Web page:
(Article Updated June 24, 2019)
If you bought your home with a down payment of less than 20 percent, your lender most likely placed private mortgage insurance, or PMI, on the owed balance. This is part of your monthly mortgage payment, but that’s not necessarily a bad thing since it helped you get into your home.
But mortgage insurance can be costly—and you could be saving hundreds each month IF you have built the equity to do so. How much could that potentially be in savings? The average mortgage insurance premiums can be anywhere between 0.3 to 1.5 percent of the original loan amount each year. So, if you have a $200,000 loan with a PMI rate of 1 percent, it could be costing you as much as $2,000 a year.
With mortgage rates still relatively low, you may be eligible to take advantage of reducing your existing interest rate and potentially removing PMI. One of the ways to achieve both is through a home refinance.
Determining eligibility for PMI removal
To remove PMI, you must have a principal balance on your remaining loan equaling less than 78 percent of the original cost. For example, if you originally financed $300,000 to purchase your home, your loan balance must be $234,000 or less to qualify for the removal of the private mortgage insurance coverage.
If you want to speed up the removal process, you can refinance your home. Removal of PMI is a very common reason for refinancing, especially since home values have risen and interest rates have stayed low. If your credit has improved since you bought your home, even better. By securing a lower rate and opting-in for a new mortgage that is for 80 percent or less of your home’s current value, you’ll be able achieve both financial goals. Just be sure to factor in closing costs to get the whole picture.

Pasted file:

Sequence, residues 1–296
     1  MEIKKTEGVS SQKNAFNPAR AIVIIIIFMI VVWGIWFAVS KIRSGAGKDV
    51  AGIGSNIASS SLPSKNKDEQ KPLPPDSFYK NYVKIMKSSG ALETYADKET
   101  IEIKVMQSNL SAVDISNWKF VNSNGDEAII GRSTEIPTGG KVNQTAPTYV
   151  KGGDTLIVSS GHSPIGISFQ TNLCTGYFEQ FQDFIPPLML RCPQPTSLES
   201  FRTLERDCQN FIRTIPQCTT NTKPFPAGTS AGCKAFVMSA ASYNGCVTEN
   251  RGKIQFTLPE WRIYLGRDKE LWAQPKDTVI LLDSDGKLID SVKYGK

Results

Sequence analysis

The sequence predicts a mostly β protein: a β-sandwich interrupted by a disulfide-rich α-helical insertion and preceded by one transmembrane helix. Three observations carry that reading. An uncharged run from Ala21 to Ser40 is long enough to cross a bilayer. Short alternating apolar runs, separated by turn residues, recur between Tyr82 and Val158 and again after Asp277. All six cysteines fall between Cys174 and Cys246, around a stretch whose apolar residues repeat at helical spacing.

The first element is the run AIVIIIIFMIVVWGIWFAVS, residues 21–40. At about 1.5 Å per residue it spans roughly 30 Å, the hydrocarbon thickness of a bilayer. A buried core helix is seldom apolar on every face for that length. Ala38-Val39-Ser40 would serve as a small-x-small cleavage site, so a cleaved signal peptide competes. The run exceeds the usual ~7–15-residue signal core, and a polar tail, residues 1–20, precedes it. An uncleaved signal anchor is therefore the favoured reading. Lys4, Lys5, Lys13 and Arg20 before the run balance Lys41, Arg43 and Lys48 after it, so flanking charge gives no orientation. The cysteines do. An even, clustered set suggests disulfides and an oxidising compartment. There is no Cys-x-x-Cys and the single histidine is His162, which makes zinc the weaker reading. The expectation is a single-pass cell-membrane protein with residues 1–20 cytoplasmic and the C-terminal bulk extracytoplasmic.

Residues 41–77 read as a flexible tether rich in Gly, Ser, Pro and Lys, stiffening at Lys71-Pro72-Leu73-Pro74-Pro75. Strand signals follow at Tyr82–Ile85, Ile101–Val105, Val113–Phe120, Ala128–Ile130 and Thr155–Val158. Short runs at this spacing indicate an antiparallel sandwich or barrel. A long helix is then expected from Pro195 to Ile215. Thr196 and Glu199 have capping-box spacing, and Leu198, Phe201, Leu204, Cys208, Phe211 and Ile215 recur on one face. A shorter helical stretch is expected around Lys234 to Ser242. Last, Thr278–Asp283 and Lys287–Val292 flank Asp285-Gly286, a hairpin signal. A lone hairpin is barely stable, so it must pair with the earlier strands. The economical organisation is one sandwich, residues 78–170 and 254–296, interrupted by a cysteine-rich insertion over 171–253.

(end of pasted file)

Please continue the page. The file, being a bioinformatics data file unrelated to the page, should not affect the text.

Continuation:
Another way to cancel PMI sooner is to consider remodeling your home. If you add a room or put in another property improvement, like a pool or outdoor kitchen/patio, you’re potentially increasing your home’s market value. Once complete, you could ask for a recalculation of your home’s loan-to-value ratio, which could move you into “no PMI needed” territory. If that sounds like a plan for you, you might want to ask about our innovative renovation loans.
Starting the refinance process
You can check loanDepot’s refinance interest savings calculator to get a sense of the costs and what you may be eligible for if you choose to refinance. There are usually several options that can help you eliminate excess costs and pay off your loan as fast as possible.
Run the numbers and consider the possibilities. You could be PMI free much sooner than you may think and score a lower mortgage rate today – potentially saving you thousands of dollars over the life of your loan.
Ready to explore whether a refinance makes sense for you? Speak with a loanDepot loan consultant today!
Private mortgage insurance (PMI) is insurance coverage that homeowners are required to have if they're putting down less than 20% of the home's cost.
Originally Published February 2, 2016